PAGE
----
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May 11th is Review Matt Hughes Day

F&SF regular Matthew Hughes a free electronic copy of his new novel Template:

Special offer for reviewers, bloggers, newsgroup posters and people who just like to talk about books in public: in May, PS Publishing will release Template, a stand-alone Archonate novel that I consider to be my best work yet (even though it was written in 2003). I will send an rtf file of the book to anyone who commits to review, blog, post or otherwise harass the world about it. Just send me an e-mail at "himself(you know what symbol goes in here)" and I’ll shoot you a copy.

James Nicoll, meanwhile, is trying to organize a review-a-thon:

I find it tremendously annoying that Hughes is not better known than he is. My cunning idea is that it might be fun if a bunch of reviewers on LJ should all agree to read and review Template on the same day. LJ doesn’t lend itself to the same kind of communal participation as rasfw but I think this could be worthwhile. Any volunteers? [Current Target Date: May 11th] I probably should have encouraged people to mention this on their blogs and livejournal accounts. Consider this said encouragement.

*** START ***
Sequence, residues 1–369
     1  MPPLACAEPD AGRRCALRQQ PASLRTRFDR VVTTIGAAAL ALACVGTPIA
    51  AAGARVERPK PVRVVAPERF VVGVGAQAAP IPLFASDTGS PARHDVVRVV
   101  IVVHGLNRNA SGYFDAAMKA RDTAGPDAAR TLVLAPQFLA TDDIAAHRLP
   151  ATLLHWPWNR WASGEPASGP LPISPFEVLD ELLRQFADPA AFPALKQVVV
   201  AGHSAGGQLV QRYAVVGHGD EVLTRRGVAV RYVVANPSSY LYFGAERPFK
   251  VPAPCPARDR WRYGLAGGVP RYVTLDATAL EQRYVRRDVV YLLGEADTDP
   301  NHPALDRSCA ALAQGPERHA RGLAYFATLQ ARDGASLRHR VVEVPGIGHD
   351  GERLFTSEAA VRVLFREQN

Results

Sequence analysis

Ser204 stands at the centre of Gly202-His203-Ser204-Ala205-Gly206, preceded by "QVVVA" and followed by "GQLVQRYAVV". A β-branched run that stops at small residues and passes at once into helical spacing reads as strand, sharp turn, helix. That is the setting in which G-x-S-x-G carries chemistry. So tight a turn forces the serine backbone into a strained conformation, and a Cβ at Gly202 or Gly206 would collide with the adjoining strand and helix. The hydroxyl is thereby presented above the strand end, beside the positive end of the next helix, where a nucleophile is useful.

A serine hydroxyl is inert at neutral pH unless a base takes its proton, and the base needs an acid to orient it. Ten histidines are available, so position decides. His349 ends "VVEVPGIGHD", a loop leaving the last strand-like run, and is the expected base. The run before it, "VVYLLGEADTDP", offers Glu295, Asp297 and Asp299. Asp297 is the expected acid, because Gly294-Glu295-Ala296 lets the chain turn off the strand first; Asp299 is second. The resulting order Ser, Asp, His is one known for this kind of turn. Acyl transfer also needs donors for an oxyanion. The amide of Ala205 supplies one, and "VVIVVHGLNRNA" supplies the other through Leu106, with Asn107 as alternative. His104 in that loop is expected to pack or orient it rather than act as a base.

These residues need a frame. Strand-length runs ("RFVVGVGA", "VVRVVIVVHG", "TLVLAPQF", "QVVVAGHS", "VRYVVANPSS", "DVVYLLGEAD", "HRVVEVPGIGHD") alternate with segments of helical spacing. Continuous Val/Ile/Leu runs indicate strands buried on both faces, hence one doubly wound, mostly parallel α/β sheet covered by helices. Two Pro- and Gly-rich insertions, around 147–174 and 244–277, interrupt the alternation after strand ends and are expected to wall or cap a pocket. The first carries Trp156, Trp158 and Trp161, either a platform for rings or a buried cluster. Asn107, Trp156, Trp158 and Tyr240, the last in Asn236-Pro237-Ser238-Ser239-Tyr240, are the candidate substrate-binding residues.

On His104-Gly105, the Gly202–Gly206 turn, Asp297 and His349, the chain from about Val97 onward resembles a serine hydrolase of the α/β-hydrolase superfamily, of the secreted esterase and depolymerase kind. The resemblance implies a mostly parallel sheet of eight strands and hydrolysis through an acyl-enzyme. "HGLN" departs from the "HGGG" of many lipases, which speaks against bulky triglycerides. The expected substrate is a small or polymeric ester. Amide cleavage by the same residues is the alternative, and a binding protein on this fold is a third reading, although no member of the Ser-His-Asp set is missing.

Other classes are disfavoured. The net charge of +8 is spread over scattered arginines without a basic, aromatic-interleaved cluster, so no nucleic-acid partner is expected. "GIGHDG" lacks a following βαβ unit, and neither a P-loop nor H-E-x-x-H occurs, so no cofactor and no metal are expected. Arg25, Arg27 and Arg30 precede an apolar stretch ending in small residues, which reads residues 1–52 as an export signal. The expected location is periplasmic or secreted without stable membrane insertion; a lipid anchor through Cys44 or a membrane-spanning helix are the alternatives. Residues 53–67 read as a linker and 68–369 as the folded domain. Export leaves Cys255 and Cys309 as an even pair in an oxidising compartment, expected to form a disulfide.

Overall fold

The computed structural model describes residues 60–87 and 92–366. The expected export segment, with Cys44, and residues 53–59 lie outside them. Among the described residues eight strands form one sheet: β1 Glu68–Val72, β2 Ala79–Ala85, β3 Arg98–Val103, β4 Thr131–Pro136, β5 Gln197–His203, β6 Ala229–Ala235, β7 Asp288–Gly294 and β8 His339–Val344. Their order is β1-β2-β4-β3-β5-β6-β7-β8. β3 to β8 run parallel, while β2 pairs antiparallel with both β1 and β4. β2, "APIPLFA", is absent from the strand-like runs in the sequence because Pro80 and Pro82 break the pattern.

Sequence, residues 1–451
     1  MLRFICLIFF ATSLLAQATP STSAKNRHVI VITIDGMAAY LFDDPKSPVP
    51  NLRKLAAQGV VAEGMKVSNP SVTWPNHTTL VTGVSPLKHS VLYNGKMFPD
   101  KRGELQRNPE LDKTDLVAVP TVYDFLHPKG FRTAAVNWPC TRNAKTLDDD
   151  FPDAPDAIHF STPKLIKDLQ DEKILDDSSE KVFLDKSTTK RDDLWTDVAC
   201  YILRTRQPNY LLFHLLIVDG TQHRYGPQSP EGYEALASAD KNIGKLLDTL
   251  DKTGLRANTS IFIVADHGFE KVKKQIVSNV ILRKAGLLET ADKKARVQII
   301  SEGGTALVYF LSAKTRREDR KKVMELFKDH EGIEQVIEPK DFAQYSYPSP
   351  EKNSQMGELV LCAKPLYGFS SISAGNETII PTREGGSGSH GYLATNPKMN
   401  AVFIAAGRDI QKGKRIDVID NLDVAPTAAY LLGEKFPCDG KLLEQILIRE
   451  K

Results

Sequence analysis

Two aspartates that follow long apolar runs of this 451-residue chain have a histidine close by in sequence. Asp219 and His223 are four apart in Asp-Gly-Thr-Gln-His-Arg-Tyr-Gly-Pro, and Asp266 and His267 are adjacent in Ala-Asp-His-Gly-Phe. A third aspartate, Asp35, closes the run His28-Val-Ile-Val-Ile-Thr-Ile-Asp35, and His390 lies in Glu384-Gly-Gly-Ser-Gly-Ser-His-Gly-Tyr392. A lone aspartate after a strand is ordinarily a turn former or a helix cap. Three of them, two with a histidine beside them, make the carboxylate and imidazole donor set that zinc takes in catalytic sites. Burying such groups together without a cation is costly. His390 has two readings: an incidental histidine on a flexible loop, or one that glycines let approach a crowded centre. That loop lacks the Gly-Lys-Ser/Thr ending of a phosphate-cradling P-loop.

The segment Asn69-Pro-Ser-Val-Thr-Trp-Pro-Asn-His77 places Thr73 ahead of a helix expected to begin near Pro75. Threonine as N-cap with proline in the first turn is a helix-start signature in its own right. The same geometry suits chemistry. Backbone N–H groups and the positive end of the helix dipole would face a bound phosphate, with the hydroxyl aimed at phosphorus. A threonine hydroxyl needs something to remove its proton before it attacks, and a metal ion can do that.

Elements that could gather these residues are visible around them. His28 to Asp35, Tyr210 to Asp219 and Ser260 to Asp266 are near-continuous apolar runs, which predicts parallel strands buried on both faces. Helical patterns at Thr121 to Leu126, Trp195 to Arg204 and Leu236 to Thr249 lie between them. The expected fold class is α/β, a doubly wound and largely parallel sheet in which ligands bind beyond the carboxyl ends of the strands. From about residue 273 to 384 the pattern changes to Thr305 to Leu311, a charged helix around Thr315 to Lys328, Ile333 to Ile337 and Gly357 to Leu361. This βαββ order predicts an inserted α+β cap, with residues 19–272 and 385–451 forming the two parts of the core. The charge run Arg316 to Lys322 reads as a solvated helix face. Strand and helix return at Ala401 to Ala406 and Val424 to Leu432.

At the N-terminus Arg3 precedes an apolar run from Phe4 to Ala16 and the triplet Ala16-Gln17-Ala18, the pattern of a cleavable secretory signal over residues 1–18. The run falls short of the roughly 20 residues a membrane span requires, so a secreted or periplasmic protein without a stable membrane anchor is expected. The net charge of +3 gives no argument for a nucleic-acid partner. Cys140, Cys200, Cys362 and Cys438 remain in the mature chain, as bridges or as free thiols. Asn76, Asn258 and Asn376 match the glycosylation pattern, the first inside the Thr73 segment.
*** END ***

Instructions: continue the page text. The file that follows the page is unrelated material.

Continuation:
I also find it tremendously annoying that Hughes is not better known than he is. I read an advance copy of Template, and I have to say, it’s one of the best–if not the best–things Hughes has written to date. So please consider participating in the review-a-thon. Or just go out and order a copy!


2 Responses to “May 11th is Review Matt Hughes Day”

  1. dave duncan on May 6th, 2008

    Review Matt Hughes? Shouldn’t that be Revugh Matt Hiews? Spelling was never my strong suit. Well, he’s a great guy, a real wit, good company. Solid, in every sense. Proud to call him a friend. Oh, yes, he writes great stuff, too!

  2. Janine Cross on May 14th, 2008

    Missed 11/5 for Matt Hughes by a long mile, but what an enjoyable read. He nimbly gambols through the English language, creating credible, fascinating worlds, societies, sports, and rituals along the way with a delight that transmits itself to the reader. The way his protag., Conn Labro, thinks and reacts is very alien yet poignantly human and reminded me markedly of the protag in Mark Haddon’s The Curious Incident of the Dog in the Night. Well done, Himself.

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